Upbeat Shows About Downbeat Subjects - Macleans.ca

Upbeat Shows About Downbeat Subjects


an gleeThe first new episode of Glee performed well in the ratings. If the ratings hold in the coming weeks (they don’t always, of course) this could be a sign that the show’s unusual conceptual mix is what audiences are looking for right now. That is, it’s a show with an upbeat tone but a rather downbeat world — the characters aren’t very happy, their relationships tend to be kind of screwed up, and the show is really kind of a downer if you describe it scene-for-scene. That’s nothing new with a high school soap, which is what Glee is, story-wise. But the peppy tone, stylized jokes and, of course, all the musical numbers give it a coating of happiness and joy; it’s a celebratory, fun show even though most of what happens to the characters isn’t terribly fun at all. There are a lot of movies that have that kind of tone; indeed, that’s the style of 95% of all quirky independent comedy movies, the stories of sad people told in a happy way. It’s less common on television, where happy shows are usually about happy people, and shows about sad people, even comedies, tend to have an air of melancholy (a la Cheers or The Office). For all Glee‘s debt to Idol and High School Musical, if it succeeds, its greatest debt might be to American independent film, and that basic idea of telling stories of quiet desperation in the loudest, boldest, wackiest manner the producer or director can imagine.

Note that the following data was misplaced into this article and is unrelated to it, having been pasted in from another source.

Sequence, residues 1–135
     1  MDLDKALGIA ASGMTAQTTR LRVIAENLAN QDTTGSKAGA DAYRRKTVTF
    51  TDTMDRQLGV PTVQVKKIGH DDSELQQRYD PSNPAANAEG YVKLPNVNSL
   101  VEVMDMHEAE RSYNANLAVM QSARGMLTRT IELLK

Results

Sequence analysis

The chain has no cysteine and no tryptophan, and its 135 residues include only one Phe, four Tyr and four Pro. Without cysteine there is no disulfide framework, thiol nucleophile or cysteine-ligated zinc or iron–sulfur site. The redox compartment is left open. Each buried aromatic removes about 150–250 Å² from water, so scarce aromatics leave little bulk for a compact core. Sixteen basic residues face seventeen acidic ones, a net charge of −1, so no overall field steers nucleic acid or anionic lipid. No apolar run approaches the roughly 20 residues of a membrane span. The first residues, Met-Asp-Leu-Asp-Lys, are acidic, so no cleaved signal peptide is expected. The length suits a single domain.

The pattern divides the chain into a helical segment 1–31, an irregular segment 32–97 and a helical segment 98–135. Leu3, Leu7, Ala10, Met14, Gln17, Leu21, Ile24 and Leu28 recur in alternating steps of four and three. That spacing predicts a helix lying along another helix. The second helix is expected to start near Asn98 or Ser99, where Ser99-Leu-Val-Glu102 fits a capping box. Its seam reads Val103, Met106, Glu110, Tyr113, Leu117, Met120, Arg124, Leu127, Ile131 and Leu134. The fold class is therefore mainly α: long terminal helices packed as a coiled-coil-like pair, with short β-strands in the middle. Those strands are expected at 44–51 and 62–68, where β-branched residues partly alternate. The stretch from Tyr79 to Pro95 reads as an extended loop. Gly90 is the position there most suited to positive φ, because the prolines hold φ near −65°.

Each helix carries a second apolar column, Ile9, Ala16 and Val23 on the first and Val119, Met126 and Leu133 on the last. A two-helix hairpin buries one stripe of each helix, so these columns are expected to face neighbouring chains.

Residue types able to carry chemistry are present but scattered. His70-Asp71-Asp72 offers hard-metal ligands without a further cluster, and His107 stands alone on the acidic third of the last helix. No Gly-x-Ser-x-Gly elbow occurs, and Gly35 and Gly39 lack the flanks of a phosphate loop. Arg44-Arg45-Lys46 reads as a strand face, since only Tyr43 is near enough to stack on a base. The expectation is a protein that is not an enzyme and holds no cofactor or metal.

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Upbeat Shows About Downbeat Subjects

  1. Well, the theme of last night's show seemed to be guys cheating on their partners, how can that not be upbeat! ;)

    I'm a little confused by the character Tina (the Asian punk rocker girl). Is she a main character or not? I don't really recall her having any lines, which seems a little odd given how many scenes she's in (maybe I should say how many scenes she's present for). I can't really recall other examples where a main character's job was to stand around and be present.

  2. I think this show is a rare example of how an American TV show can actually lose a lot in the translation to Canadian culture. Glee clubs and socially-dominant cheerleaders really and truly still exist in the US, whereas in Canada we are seeing it as a caricature of the stereotype and not the caricature of real people or real situations.

    It seems this show still has to establish a baseline between the regular and ridiculous versions of its humour. Quirkiness is a lot of fun, until the audience has to constantly guess at whether a scene is actually meant to be quirky and not just clumsy regular humour.

  3. Since I know one of the writers is from the area where the story is taking place – Lima, Ohio – I know exactly where the humor is coming from – the little city in nowhere filled with people living in desperation. The football player's "Everybody in this town is a loser" speech in the pilot pretty much describes the setting for this show.

    But, to be a hit in America, this show has to connect to the American big city markets, starting with New York. Viewers in those cities don't want to watch small town losers, so there has to be a likable quality. It's a balancing act, and it doesn't always work. (ie: "Friday Night Lights") But I give them credit for trying.

    BTW: In US schools these days, they're called show choirs, or maybe swing choir. Part of the show's joke is that they call it a glee club. My high school hasn't had something called a glee club since the day Elvis went in the Army.